Category Archives: Art

Fountain Theatre awarded $50,000 grant from Ahmanson Foundation

FT night flags August 2019The Fountain Theatre is pleased to announce that it has been awarded an Arts and Humanities grant from the Ahmanson Foundation in the amount of $50,000, doubling the amount awarded to the Fountain by the Foundation last year.  The Ahmanson Foundation strives to enhance the quality of life and cultural legacy of the Los Angeles community by supporting non-profit organizations that demonstrate sound fiscal management, efficient operation, and program integrity.

“We are deeply grateful to the Ahmanson Foundation for its continued partnership and support,” states Fountain Co-Artistic Director Stephen Sachs. “This grant will allow us to enhance our ability to serve the Los Angeles community.”

The Ahmanson Foundation directs its giving toward the areas of the arts and humanities, education, human services, and health and medicine. The foundation’s grants in these areas are largely dedicated toward capital projects that support the nuts-and-bolts-type needs of non-profits.  The vast majority of the foundation’s philanthropy is directed toward organizations and institutions based in and serving the greater Los Angeles area.

The grant award reflects the success of The Fountain Theatre’s ongoing campaign under the guidance of Director of Development Barbara Goodhill to increase the levels and broaden the sources of contributed giving to the organization.  Today’s announcement follows last month’s news of a $40,000 award  from The Wallis Annenberg Foundation to the Fountain for general operating support.

“This generous award from the Ahmanson Foundation is another extraordinary endorsement and affirmation of The Fountain’s continued growth and prestige within Southern California’s cultural landscape and the funding community, ” states Goodhill.

FOUNTAIN THEATRE AWARDED $40,000 GRANT FROM THE ANNENBERG FOUNDATION

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The Wallis Annenberg Foundation has awarded The Fountain Theatre a $40,000 grant for general operating support.  The Annenberg Foundation is one of the top private philanthropies in the country, and is dedicated to using its resources to support organizations that are fostering positive change in the world.  As Wallis Annenberg stated in an article in CSQ Magazine, “To me, the future of philanthropy – the true value of philanthropy in a world of massive needs—comes down to a single, simple word: innovation. Finding it, supporting it, growing as much of it as possible.”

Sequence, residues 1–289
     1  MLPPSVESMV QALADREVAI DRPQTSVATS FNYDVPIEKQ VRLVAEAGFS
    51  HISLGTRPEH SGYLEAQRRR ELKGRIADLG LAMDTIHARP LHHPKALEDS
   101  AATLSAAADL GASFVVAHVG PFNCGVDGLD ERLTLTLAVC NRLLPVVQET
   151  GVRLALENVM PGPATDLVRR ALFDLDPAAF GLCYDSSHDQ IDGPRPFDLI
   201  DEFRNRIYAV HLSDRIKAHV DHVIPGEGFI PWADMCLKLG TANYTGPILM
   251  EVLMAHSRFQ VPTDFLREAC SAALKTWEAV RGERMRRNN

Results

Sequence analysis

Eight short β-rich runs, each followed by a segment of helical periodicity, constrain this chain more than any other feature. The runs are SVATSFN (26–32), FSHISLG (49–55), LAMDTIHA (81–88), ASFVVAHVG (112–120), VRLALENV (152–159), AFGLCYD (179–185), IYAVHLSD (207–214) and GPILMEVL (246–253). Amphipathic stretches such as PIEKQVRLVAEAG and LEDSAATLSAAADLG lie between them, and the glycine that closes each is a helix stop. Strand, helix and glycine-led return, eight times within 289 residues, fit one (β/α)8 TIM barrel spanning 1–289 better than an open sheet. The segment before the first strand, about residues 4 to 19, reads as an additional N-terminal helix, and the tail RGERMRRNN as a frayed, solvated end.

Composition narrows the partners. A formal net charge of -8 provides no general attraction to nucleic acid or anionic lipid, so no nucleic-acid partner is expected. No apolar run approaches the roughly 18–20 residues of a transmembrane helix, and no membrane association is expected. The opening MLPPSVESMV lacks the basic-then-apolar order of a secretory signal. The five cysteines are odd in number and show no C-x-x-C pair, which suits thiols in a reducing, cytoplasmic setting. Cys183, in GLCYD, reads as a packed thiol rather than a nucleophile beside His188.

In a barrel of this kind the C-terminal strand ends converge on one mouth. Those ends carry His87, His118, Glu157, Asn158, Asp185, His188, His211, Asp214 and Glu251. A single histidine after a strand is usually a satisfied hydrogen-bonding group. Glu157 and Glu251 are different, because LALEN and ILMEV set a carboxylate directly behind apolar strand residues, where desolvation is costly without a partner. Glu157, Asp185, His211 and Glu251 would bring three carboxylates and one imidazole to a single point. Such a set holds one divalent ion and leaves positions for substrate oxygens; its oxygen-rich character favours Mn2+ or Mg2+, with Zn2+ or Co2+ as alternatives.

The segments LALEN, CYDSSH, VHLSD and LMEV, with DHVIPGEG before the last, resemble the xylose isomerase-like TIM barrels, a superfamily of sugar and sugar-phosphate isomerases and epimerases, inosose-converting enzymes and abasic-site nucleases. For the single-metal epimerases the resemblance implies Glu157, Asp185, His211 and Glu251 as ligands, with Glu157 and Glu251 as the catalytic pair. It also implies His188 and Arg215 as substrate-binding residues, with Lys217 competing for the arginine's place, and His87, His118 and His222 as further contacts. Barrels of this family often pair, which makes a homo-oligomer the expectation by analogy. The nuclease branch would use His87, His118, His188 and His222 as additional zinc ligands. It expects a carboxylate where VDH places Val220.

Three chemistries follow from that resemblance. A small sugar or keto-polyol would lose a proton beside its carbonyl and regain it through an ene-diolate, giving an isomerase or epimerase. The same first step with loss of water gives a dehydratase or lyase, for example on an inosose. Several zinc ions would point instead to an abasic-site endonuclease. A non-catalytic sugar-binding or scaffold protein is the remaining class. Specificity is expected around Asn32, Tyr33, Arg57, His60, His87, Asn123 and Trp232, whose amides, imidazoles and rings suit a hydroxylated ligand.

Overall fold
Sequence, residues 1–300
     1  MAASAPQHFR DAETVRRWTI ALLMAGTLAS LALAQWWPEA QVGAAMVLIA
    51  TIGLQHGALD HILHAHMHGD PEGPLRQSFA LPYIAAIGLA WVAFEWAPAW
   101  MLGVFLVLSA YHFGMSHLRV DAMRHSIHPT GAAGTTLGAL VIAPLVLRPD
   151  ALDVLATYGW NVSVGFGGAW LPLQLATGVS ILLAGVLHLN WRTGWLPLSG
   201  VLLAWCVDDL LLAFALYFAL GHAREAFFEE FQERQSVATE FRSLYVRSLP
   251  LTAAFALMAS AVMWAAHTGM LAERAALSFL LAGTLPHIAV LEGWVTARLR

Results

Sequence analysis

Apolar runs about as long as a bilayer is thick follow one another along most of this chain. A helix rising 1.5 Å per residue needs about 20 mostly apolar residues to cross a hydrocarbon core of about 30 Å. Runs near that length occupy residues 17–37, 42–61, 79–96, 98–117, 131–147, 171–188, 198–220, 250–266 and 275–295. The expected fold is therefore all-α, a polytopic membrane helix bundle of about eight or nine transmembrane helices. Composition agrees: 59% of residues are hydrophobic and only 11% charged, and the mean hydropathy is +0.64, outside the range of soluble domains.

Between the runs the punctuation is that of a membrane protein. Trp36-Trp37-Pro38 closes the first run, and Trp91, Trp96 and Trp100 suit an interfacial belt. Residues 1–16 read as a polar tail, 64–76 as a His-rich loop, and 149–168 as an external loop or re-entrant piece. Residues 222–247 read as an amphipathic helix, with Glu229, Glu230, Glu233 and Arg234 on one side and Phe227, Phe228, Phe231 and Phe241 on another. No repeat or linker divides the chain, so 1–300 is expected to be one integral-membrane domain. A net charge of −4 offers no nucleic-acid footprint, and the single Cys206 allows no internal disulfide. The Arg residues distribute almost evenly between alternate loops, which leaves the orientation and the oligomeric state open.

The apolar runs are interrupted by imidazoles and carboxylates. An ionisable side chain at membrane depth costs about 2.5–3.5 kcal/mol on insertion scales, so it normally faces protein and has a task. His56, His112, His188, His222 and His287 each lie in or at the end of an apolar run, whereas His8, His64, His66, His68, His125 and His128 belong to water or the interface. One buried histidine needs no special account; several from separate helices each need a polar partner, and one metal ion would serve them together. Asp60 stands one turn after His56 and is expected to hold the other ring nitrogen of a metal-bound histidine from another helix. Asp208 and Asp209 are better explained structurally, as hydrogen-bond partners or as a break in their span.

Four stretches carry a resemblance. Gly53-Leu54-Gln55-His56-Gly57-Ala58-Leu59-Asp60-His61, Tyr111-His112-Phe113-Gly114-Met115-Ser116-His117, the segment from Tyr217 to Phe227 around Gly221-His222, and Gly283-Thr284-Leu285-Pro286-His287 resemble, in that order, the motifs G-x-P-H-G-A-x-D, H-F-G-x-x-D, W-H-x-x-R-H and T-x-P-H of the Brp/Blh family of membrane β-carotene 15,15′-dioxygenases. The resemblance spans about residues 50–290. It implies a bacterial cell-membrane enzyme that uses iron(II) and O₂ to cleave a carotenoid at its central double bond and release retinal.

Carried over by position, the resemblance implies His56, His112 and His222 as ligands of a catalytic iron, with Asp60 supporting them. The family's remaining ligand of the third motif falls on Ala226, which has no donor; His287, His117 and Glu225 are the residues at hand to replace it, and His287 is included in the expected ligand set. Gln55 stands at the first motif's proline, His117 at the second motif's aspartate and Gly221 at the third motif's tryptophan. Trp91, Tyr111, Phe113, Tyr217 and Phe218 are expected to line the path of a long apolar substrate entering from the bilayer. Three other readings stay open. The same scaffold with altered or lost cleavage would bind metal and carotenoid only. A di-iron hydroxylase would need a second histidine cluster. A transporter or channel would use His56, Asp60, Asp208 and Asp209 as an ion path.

“This generous unrestricted award from The Annenberg Foundation is a profound validation of the innovation that The Fountain Theatre has brought to the Los Angeles community for 29 years.  From our MainStage productions, to our arts education and outreach programs, The Fountain strives — through art — to illuminate and uplift the diverse communities of Los Angeles,” says Director of Development, Barbara Goodhill. “We are deeply grateful to The Annenberg Foundation for its generosity and partnership.”

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The Annenberg Foundation’s Mission, Values & Vision:

The Annenberg Foundation is a family foundation that provides funding and support to nonprofit organizations in the United States and globally. The Foundation and its Board of Directors are also directly involved in the community with innovative projects that further its mission to advance the public well-being through improved communication. The Foundation encourages the development of effective ways to share ideas and knowledge. The Foundation is committed to core values of responsiveness, accessibility, fairness and involvement.

 
The Foundation believes in funding organizations that have a deep level of community involvement, are led by effective leaders and tackle challenging and timely problems. Specific organizational attributes valued by the Foundation are: visionary leadership, impact, sustainability, innovation, organizational strength, network of partnerships plus the population being served.

Our nation’s future depends on moments like this

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Fountain Board member Miles Benickes and Zoey Rosenzweig at Mueller Read-A-Thon.

by Stephen Sachs

First, she said no. She would not do it. When her grandfather asked her again in the Fountain Theatre lobby, she awkwardly took a step back in retreat, shy and embarrassed.  

“No,” she said, in a blushing 14-year old half-grin.

She would not join her grandfather, Miles Benickes, on stage to read a ten-minute section of the Mueller Report in front of a gathered audience of LA professionals and unseen viewers watching online via a simultaneous live stream on Facebook, Twitter and YouTube. No way.

Then Zoey Rosenzweig changed her mind. I was thrilled and surprised when she strode out onto our Fountain stage with Miles and diligently read through the Mueller legalese with her grandfather. She may not have understood much of the gobbledygook she was reading. Who did? That didn’t matter. Something vital for the future of our nation was happening. Zoey Rosenzweig was getting involved.

Thursday’s 15-hour Mueller Report Read-A-Thon at the Fountain Theatre held dozens of unforgettable moments like this for me. The marathon event was emotionally overwhelming. The Fountain hummed with ecstatic energy all day and all night. A parade of politicians, actors, writers, and community leaders read from the podium as if declaring from a public square, each person high-charged by their call to duty.